WASHINGTON (CNN) - Barack Obama formally announced Thursday that Virginia Gov. Tim Kaine, one of the president-elect’s closest allies who was once on the short list to become his running mate, will run the Democratic National Committee.
Appearing with Kaine at DNC headquarters in Washington, Obama said the party must build on his campaign’s success by reaching out to Americans in every state and recruiting new candidates that share his governing philosophy.
“We must build a movement for change that can endure beyond a single election,” Obama said.
The man for that job, he said, is Kaine. Obama called the Virginia governor a progressive problem-solver who also understands that “politics is tough.”
He praised Kaine’s legislative record in the commonwealth, particularly his plans to expand early education access and fix Virginia’s clogged roadways, even though the governor has been forced to scale back those initiatives because of budget constraints.
Obama said Kaine - who will serve as governor and chairman simultaneously until his term in Richmond expires in January 2010 - is the right man “to remake the Democratic party to better meet the challenges of the 21st century.”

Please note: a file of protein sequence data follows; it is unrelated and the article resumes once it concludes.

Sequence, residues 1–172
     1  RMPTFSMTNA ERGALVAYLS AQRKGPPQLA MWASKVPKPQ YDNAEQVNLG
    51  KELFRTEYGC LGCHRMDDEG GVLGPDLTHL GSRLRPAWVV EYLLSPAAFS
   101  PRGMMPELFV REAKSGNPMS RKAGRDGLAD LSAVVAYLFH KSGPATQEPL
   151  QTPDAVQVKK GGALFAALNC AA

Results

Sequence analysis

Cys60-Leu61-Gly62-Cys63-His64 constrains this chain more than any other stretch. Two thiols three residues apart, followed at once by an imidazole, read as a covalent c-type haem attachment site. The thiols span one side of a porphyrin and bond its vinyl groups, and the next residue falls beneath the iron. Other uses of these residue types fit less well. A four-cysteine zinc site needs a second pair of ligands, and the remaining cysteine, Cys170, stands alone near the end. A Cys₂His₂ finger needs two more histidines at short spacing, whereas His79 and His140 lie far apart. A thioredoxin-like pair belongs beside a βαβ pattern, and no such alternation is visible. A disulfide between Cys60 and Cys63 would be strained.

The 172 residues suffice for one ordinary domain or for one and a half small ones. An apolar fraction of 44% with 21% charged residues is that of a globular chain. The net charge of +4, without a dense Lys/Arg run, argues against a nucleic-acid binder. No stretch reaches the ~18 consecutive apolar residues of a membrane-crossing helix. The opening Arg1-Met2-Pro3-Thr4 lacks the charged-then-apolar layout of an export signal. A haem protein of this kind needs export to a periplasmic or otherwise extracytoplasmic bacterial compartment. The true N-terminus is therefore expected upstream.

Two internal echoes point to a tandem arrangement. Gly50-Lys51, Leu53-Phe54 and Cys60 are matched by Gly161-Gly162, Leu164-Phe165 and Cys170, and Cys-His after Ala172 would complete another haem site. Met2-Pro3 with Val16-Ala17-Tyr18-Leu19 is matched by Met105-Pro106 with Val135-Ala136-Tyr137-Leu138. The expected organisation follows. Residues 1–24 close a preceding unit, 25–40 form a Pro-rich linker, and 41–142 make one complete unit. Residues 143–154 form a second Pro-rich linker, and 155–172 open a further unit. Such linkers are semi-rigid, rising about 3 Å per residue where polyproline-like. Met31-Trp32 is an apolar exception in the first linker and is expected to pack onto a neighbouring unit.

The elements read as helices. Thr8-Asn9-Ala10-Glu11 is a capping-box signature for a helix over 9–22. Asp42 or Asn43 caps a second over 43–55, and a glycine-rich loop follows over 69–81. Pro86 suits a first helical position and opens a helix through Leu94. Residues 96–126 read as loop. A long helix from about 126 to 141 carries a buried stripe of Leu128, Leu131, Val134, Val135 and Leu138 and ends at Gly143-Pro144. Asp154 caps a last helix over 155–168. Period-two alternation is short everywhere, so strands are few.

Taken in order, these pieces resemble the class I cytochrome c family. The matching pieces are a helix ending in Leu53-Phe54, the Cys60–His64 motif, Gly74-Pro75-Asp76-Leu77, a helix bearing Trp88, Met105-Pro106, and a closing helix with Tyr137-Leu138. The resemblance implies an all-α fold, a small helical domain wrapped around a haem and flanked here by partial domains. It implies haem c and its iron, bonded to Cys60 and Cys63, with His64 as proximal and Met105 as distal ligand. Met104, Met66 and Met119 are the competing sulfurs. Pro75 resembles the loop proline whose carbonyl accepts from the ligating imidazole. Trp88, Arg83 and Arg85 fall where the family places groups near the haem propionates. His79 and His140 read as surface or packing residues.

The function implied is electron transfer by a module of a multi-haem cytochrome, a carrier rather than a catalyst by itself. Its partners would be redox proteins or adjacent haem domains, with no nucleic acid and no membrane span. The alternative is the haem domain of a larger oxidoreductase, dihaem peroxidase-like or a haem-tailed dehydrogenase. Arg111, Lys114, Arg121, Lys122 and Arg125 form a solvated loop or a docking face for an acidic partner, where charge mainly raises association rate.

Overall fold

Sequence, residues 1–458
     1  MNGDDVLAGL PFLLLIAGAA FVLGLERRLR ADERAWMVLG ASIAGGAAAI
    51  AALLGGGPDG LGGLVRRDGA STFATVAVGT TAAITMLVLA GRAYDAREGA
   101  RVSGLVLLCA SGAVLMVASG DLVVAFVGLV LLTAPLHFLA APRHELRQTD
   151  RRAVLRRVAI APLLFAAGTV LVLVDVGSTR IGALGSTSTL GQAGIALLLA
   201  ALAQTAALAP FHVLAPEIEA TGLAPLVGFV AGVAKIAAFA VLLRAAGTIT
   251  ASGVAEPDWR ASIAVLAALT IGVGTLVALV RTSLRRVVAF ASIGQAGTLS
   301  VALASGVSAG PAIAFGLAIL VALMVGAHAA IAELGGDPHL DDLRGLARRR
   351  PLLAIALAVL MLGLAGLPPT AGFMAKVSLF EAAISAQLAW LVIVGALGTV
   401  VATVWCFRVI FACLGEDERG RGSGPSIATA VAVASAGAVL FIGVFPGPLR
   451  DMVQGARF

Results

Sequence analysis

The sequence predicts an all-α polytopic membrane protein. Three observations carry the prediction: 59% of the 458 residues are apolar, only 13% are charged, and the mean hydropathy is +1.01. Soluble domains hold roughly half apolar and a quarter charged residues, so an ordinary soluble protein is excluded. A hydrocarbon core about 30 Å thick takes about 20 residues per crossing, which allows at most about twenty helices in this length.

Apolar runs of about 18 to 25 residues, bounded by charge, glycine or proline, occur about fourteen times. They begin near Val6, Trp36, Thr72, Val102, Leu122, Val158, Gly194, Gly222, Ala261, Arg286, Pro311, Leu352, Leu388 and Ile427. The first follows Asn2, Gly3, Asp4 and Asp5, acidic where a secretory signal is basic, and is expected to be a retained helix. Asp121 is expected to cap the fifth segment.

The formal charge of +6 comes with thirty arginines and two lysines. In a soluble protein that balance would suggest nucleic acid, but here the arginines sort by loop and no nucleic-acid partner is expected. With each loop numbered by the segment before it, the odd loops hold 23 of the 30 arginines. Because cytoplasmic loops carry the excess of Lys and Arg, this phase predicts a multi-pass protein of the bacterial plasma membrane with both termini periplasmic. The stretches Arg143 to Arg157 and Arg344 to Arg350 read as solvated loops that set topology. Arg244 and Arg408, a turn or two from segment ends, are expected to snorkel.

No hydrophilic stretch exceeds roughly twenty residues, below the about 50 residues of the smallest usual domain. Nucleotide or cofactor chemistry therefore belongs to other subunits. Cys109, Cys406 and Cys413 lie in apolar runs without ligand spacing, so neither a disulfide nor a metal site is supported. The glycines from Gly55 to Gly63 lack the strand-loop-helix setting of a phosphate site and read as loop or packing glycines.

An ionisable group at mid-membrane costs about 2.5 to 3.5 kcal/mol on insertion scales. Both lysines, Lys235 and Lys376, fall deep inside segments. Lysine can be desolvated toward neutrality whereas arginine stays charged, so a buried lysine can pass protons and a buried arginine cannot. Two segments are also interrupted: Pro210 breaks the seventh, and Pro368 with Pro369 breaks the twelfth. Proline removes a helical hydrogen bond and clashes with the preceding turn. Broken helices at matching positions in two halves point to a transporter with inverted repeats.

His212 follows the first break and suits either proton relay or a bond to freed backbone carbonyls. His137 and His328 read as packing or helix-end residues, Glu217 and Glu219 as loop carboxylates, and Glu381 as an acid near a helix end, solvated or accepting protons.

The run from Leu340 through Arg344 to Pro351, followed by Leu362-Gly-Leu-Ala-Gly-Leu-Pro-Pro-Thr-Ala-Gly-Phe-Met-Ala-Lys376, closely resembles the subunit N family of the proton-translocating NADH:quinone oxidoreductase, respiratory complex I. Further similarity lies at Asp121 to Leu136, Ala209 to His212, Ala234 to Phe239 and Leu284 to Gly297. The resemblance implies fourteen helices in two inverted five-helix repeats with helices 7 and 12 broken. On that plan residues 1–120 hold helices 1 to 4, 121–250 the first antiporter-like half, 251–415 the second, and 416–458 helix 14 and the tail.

Kaine listed three goals, beginning with a promise to be “a passionate and positive promoter” of Obama’s agenda and to “carry a proud banner for a proud party.”
He said he was “most excited” to develop new ways to engage voters, much like the Obama campaign did throughout the 2008 presidential race.
“The story of this campaign was less about the inspiration and more about the organization,” Kaine said.
Despite the noticeable absence of current DNC chair Howard Dean, who was traveling to American Samoa, both men praised Dean as a “visionary” because of his implementation of the so-called “50-state strategy” that funneled party resources to traditionally Republican regions of the country. Kaine said he has “huge shoes to fill.”
Although the announcement was billed a “press conference,” the pair did not take any questions from reporters.
After the event, the DNC announced that the veteran political organizer Jennifer O'Malley Dillon, who worked for John Edwards in 2008, will be the party’s executive director.